Rarely when there is a coming together of such huge forces, or talents as are assembled here, does the end result far exceed the wildest expectations (expectations in themselves generally lead to disappointment); we have here the result of such a convergence of this unification of energies. There were whispers of this joining of two such mega-forces which fueled the imagination, and when you put the disc in and you hear the first strains of the Ladysmith Black Mambazo's introduction, that is so fraught with uneasiness, of JB Lenoir's Down In Mississippi, and then Mavis' voice comes into the picture that you almost don't realize the sinister guitar work of Ry Cooder, that helps to build the emotional tension of the song. This is further reinforced by the undated and personal nature lyrics by these two collaborators.
This is both a return to the beginning and at the same time a summit of many years work. Mavis grew up singing in the church and many of the songs were songs that were adapted by the Civil Rights Movement, which she and her family, The Staples Singers, were both strongly supportive of, and spokespersons for. They helped provide the musical voice that went with the speeches and thoughts of Rev. Martin Luther King Jr. and others protesting both the Vietnam War and the extensive racism/segregation that was rampant in the United States during the 60's.
This disc is a return to those songs of message and protest, they are about universal concerns that affect the living conditions of large numbers of people, and about what is the humane way to treat others. These songs are sung with a passion and conviction because they are so personally close to Staples, and the way she lives her life. Though they are songs from an era they are not contained by the era; they are fresh and alive today because of Mavis' ability to improvise new verses from within her own life on the fly and relate them to what is now. She is backed and at the same time pushed, on all but the first three songs, by the Student Nonviolent Coordinating Committee's Freedom Singers; Rutha Harris, Charles Neblett & Bettie-Mae Frikes. These are people who were in the front lines of the same fights and protests that were taking place in the deep South at this time, people who know what it was like and are here today living, and not living in the past.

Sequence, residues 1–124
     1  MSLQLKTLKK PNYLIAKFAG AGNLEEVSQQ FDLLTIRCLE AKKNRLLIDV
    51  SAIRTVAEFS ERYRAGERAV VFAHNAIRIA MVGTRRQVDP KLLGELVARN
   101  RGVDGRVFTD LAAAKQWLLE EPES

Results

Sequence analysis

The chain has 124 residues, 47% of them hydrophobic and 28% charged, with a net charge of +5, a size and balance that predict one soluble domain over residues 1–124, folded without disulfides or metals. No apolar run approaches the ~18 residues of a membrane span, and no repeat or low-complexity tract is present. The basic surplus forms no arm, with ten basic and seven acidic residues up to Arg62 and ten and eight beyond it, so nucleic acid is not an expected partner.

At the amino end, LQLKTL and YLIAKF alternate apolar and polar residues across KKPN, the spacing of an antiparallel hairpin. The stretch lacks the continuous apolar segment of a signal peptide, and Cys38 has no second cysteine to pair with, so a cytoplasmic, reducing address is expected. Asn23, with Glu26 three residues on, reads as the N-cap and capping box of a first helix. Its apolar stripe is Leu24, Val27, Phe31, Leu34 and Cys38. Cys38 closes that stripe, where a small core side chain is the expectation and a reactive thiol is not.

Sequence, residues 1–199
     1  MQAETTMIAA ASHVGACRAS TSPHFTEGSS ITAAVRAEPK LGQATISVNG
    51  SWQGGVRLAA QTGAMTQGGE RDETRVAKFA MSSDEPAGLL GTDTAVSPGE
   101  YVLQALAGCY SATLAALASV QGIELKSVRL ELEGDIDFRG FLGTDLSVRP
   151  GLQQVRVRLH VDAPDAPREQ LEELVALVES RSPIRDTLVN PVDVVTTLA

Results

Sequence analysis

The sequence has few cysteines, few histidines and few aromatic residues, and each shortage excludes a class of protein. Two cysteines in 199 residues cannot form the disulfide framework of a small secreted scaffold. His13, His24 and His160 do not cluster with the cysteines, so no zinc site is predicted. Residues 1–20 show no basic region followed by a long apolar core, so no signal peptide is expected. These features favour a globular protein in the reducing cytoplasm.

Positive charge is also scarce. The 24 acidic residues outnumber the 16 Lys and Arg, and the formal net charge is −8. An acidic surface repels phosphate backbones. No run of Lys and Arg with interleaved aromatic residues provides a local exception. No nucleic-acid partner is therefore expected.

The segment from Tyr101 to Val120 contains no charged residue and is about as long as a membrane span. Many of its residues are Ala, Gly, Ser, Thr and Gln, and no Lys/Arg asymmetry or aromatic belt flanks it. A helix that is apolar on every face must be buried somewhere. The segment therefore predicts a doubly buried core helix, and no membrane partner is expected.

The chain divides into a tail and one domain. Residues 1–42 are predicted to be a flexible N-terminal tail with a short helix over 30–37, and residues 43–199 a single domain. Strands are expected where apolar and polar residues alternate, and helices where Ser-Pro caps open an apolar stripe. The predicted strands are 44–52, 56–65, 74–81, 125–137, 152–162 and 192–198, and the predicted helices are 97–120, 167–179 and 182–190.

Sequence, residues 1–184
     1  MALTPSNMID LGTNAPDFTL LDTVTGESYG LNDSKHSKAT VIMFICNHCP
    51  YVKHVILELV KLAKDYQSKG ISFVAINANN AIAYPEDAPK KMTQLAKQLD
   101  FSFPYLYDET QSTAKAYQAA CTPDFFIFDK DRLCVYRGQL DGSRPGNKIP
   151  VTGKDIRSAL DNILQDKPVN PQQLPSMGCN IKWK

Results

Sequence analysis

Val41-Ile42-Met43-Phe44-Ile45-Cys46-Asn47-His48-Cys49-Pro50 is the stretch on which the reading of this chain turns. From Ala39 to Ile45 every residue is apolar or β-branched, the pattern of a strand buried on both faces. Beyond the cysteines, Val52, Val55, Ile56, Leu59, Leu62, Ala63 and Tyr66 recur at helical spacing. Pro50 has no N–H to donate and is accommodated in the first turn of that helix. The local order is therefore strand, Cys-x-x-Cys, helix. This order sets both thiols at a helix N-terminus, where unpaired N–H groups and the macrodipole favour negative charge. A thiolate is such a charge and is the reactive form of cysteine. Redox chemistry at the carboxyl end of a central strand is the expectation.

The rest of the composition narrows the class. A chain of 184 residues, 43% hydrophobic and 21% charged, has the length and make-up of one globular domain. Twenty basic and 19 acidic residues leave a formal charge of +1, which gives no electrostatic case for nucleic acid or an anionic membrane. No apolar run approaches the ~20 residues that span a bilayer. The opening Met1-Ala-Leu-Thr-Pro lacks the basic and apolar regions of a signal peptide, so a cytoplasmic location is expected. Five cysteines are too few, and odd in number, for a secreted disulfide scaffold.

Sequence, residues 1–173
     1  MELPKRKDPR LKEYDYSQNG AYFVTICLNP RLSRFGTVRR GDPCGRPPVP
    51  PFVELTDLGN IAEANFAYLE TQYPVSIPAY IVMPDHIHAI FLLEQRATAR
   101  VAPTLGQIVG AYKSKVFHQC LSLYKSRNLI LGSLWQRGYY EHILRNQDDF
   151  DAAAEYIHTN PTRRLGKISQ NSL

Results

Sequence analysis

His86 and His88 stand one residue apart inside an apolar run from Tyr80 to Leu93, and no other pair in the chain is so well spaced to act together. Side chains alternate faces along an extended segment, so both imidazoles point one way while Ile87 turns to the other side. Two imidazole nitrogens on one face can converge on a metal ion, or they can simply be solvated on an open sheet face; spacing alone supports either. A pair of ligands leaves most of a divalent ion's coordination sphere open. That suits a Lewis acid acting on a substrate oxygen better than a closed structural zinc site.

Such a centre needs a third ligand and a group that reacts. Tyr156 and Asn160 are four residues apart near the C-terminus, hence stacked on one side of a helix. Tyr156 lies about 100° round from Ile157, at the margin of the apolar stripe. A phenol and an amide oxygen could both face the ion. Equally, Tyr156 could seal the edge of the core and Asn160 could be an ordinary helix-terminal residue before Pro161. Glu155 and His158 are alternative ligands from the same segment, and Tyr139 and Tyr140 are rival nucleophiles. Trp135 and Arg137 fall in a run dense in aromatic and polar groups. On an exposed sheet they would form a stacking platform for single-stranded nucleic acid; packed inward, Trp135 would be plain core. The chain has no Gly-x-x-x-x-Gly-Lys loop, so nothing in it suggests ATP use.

The contribution of Ry Cooder and the exceptional musicians he has assembled; his son Joachim Cooder, percussion, Mike Elizondo, bass and piano, Jim Keltner drums, and the afore mentioned vocal groups can not be under-estimated; and to say the music is played with a passion and feeling would not do it justice in the least. Truly the most passionate and heart felt disc I have heard. An exceptional piece that seems to know no boundaries and grows stronger with each listening.
Edited by: David N. Pyles
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